Sweatshop Goods: Is An Individual Boycott Enough?

When examining the Bangladeshi garment industry, it is almost unavoidable not to call into question the western consumer sweatshop boycott: is it actually helpful in bringing about change, or do we need a greater call for collective reform in this exploitative industry?

In the instance that large companies such as Next, Gap, and Primark are exposed for sourcing from sweatshops, their default reaction is to swiftly cut ties with the disgraced suppliers and promise to put in place frameworks that prevent such a ‘mistake’ from occurring again. However, such scandals return on a consistent basis, and with every press release it seems these clothing giants just continue to paint over the ever-widening cracks. Their responses do nothing to address the root cause of the sweatshop labour problem, with western demand for cheap garments a priority that continues to drive an exploitative labour race to the bottom.

In Bangladesh, 60% of all clothing exports go to the EU, with $4.5billion worth of exports going to the US. We are reliant on these foreign industries, yet show no concern for the livelihoods of those we exploit. Sweatshops are alive and well because corporations would never pay factory owners enough to be financially able to ensure suitable labour standards. Instead, employees work long, poorly paid hours in hazardous conditions to scrape some sort of revenue for the small-time middlemen of the international clothing business.

To maintain this exploitative relationship, the west consistently shifts any potential responsibility for the situation onto the exploited workforce itself. Take, for example, the US reaction to the 2013 Bangladesh factory collapse, where over one thousand workers perished. Acting as if it were an uninvolved mediator, the US government cut off trading benefits to the country, barking at the Bangladeshi government  to clean up its act through stricter labour laws, as if it were an unruly adolescent. However, doesn’t the fact that US companies were sourcing from the aforementioned factory mean that the responsibilities for such a tragic disaster equally lie with investing western powers?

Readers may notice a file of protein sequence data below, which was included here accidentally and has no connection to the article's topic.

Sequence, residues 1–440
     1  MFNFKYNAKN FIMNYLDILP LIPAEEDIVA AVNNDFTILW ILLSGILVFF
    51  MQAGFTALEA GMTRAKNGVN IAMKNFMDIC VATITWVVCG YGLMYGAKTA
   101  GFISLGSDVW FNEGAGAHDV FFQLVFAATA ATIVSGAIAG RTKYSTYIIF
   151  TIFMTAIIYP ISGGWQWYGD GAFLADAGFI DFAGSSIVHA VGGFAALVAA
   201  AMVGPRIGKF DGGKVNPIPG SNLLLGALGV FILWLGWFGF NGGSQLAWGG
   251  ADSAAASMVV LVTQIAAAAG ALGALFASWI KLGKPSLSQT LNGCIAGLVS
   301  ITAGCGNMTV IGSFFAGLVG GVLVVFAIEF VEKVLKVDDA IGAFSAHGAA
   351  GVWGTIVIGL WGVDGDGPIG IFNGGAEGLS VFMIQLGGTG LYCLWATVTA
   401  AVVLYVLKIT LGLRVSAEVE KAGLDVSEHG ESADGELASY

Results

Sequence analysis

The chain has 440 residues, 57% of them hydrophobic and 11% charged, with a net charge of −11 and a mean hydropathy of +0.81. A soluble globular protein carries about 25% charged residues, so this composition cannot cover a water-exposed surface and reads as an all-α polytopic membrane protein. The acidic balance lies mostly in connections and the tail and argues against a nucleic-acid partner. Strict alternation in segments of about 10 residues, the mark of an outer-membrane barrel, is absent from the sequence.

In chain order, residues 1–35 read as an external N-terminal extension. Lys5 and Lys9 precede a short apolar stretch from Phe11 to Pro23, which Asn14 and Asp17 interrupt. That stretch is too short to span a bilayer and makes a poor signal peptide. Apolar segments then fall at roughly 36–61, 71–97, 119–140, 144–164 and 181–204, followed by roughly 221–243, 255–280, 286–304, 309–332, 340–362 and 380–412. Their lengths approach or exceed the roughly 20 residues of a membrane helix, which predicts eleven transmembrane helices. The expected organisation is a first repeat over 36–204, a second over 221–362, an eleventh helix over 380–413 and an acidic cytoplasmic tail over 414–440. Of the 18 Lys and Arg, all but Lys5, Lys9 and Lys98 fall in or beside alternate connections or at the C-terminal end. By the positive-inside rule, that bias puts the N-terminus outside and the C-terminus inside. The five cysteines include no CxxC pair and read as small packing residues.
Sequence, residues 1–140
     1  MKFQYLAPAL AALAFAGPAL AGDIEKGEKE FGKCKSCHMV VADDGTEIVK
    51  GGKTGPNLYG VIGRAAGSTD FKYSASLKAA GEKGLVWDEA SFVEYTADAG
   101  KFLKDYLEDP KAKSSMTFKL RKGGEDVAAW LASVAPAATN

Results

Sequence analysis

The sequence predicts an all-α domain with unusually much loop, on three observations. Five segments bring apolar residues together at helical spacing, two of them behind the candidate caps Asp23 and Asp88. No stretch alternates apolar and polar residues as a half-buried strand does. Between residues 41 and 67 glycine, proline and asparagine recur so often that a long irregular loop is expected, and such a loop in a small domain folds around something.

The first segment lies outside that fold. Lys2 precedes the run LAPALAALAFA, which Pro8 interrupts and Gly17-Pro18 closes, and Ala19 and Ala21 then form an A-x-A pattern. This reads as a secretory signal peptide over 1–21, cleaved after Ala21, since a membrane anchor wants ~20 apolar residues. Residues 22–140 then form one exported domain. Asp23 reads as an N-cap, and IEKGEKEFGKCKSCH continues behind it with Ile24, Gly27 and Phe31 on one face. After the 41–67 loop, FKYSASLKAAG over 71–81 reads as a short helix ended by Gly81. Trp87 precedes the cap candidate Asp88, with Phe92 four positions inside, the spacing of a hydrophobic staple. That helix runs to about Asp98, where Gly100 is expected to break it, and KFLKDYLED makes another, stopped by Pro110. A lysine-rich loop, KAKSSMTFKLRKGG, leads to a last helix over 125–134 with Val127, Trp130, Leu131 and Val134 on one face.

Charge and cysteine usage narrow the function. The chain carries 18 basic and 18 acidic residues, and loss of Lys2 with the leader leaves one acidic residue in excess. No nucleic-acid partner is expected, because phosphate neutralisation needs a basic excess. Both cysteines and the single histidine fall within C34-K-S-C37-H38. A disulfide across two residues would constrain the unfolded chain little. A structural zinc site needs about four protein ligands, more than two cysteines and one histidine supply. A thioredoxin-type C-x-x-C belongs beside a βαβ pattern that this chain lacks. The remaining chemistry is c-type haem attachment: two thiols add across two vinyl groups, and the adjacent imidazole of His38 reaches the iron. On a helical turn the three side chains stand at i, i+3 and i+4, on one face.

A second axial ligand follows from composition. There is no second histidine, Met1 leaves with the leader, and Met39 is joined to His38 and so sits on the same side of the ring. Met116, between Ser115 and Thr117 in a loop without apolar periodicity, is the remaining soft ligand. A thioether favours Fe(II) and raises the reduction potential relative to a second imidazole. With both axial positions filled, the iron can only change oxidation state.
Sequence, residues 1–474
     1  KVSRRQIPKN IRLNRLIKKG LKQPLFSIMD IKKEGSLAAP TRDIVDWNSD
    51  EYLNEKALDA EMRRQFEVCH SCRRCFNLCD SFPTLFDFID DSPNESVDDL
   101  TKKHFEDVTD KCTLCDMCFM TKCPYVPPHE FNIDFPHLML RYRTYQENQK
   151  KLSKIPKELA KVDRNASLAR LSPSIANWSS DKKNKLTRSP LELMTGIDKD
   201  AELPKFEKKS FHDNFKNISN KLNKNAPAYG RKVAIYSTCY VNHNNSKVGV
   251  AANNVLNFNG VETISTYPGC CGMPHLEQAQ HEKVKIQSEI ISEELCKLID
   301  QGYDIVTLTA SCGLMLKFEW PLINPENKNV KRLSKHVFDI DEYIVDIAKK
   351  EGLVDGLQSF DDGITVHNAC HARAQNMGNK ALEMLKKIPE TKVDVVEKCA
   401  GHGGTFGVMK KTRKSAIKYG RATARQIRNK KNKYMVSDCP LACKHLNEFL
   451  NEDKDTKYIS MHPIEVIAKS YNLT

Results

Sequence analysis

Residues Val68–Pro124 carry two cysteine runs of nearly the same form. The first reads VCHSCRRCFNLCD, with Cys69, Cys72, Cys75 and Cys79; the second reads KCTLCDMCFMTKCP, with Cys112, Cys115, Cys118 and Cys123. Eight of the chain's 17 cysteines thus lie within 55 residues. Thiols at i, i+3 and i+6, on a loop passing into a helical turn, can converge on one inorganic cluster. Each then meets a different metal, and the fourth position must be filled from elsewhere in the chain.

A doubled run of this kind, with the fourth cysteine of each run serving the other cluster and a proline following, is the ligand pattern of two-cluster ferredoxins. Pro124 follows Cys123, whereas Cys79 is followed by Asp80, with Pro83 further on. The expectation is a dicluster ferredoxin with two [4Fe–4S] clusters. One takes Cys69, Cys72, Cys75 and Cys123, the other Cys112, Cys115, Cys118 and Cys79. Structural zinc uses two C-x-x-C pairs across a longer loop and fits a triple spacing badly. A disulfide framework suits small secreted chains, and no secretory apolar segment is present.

Corporations also manage to avoid industrial reform by instilling in the consumer a sense of self-righteousness when purchasing cheaply manufactured goods, with murmurings that ethically sourced clothes would be too expensive and incongruous to tight family budgets, when in reality businesses are too greedy to dent their profit margins and pay the extra costs that would make ethical clothing more accessible. Overall, a balance between affordability and a fair trading system can be developed, but it needs to come from the pockets of the corporation, not the consumer.

The implications of our economic system are often overtly described in monetary terms, when in essence, they are equally social. The obsession over cash flow has paved the way for a prioritisation of money over welfare, along with the prosperity of the individual over the collective good.

As consumers, we must stand up to this inequality and not passively partake in exploitation. Nevertheless, this task will not be easy, as sweatshop labour in the developing world is ridden with loopholes of exploitation. For example, in reaction to the 1993 exposure of mass child labour in Bangladesh, the Harkin’s Bill was passed in the US to prevent imported goods from Bangladesh being derived from child labour. Yet, rather than this improving livelihoods, twenty thousand children continued working in the same conditions, with others forced to work in alternative industries where working standards were even worse.

Overall, to raise awareness of the exploitation that lies behind the façade of cheap clothing in the western world, we cannot remain voiceless. Yes, without the boycott we would ignore the fact that each time we buy from these companies, the impenetrable fortress of corporate power would only be made stronger. However, to help these workers in their horrendous challenges of sweatshop labour, we must push for wide scale reform and subsidy for ethical clothing, in order to finally change the crippled industry.


Anna-Clare Chappell


[Image: Associated Press]




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